On day 53 of the BP oil spill, the frustration continues to spread along with the size of the spill.
A federal panel probing the rate of the oil flow has revealed that the size of the spill is far bigger than previous estimates. While the earlier worst-case scenario pegged the spill at 42 million gallons, the new numbers mean that up to 89 million gallons could have spewed into the ocean already, eight times the size of the Exxon-Valdez disaster.
Today, Adm. Thad Allen, the man in charge of the federal response, acknowledged that the estimates could grow even larger as scientists analyze HD video of the leak.
"I'm not prepared to say anything is the right estimate until we get empirical evidence about flow through a pipe or pressure readings so we know exactly what it is. Everything before that is conjecture," Allen said.
On shore, the National Guard and other workers continue to fight that oil, dropping sandbags and rolling out boom. But it's a battle that the oil may have already won.
"You're going to see the effects from the Deepwater Horizon spill for at least a decade, probably more," said Rick Steiner, a scientist who tracked the effects of the Exxon-Valdez spill.
Despite containment efforts, oil is now sloshing onto shore and into the inland waterways as far away as Florida.
In newly-released video of President Obama's visit to the Gulf Coast last week, the president himself admitted the limitations he faces.
"I can't dive down there and plug the hole. I can't suck it up with a straw. All I can do is make sure that I put honest, hardworking, smart people in place," Obama said. "I will do everything in my power to do right by you guys and everybody along the coast."
Still, all the bad news has knocked the wind out of Gulf Coast residents. And now it's reverberating thousands of miles away in Great Britain.
U.K. Leaders Concerned By Criticism of BP
President Obama's harsh words for BP, the largest company in Great Britain and the fourth-largest in the world, have provoked one of the most tense times between America and the U.K. since the American Revolution.
A trip to a London newsstand today told the tale through headlines:
"Obama is Killing All Our Pensions: His Rants Against BP Are a Disgrace," read one.
"Back Off, Obama: President's Anti-British Rap Attacked," said another.
It isn't just the British tabloids that are upset by the Obama administration's tough talk against BP. Many political leaders across the pond also are crying foul.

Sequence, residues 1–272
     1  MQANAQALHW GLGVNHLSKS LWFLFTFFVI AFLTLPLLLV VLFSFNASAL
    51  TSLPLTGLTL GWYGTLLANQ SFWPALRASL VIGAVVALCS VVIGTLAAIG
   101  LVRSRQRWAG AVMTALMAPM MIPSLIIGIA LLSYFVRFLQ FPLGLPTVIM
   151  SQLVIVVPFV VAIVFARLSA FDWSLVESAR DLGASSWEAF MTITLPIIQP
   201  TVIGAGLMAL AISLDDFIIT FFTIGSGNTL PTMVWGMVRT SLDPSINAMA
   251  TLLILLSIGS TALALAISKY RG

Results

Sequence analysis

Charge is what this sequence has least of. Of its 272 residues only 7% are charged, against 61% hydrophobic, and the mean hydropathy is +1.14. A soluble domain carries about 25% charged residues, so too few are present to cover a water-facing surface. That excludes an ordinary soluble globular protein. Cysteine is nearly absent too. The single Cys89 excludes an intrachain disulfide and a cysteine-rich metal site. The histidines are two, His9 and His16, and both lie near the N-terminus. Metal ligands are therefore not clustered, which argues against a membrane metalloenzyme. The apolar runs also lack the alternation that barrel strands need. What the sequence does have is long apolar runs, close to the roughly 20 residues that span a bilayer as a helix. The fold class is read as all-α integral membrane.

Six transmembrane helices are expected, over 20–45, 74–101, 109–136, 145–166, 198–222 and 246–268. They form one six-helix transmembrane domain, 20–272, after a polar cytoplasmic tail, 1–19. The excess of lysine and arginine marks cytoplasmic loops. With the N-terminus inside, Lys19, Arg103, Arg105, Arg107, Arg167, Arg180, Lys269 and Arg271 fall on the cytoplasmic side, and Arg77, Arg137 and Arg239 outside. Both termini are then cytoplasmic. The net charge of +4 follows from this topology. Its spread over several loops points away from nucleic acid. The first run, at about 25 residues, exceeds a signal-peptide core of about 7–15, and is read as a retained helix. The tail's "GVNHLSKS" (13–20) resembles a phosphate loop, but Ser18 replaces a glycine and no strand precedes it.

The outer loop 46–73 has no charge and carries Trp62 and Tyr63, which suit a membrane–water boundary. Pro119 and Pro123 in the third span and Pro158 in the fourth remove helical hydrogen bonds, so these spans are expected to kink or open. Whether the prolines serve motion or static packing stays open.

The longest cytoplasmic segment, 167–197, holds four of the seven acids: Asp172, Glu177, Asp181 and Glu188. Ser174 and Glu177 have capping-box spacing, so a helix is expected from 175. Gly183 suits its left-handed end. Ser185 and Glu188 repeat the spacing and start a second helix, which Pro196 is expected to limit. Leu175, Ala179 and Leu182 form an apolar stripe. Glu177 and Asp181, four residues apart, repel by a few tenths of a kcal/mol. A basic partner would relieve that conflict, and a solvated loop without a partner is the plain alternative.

"What I don't think is a good idea is to get into a kind of transatlantic name-calling and buck-passing and all the rest of it," said London Mayor Boris Johnson.
British Worried About BP's Name?
The concern over BP's situation goes to some of the highest levels of the British government.
"I don't think anyone believes it will help deal with the problem at hand if we allow this to escalate into a major diplomatic incident," said Deputy Prime Minister Nick Clegg.
Britain's leaders have their knickers in a twist for a variety of reasons, including a suspicion that some in the American government, including Obama, are knowingly using the oil company's old name, "British Petroleum," instead of the newer one, "BP," which the company adopted in 2001.
A review of tapes of government officials talking about the spill does reveal multiple references to "British Petroleum," but some deny that there's some sort of conspiracy.
"I guess they changed their name recently," Speaker Nancy Pelosi acknowledged. "Some of us are used to the old name. And when we use it, they say, 'Oh, that's being xenophobic.' ... I don't see it that way."
British newspapers have reported that President Obama repeatedly uses the outdated "British Petroleum" name, though it does not appear that he has ever done so publicly.
But U.K. officials are also concerned about the tough talk surrounding the incident, like President Obama's recent comment that he has "ass to kick."
White House officials say they don't see any evidence of anti-British sentiment, but the president's comments have been blamed in part for BP's plummeting stock price.
"Millions of British people own shares in BP, and the fortunes of BP directly affect the fortunes of millions of Britons," said Nile Gardiner with the Heritage Foundation, a conservative think tank.
Britons are all the more troubled when American politicians suggest that BP shouldn't pay out stock dividends until the clean-up and claims in the U.S. are settled, keeping pounds out of British pockets. BP's directors are reportedly considering such a move.
"Very strong attacks upon BP are viewed by many people in Britain as an attack upon Great Britain itself," said Gardiner.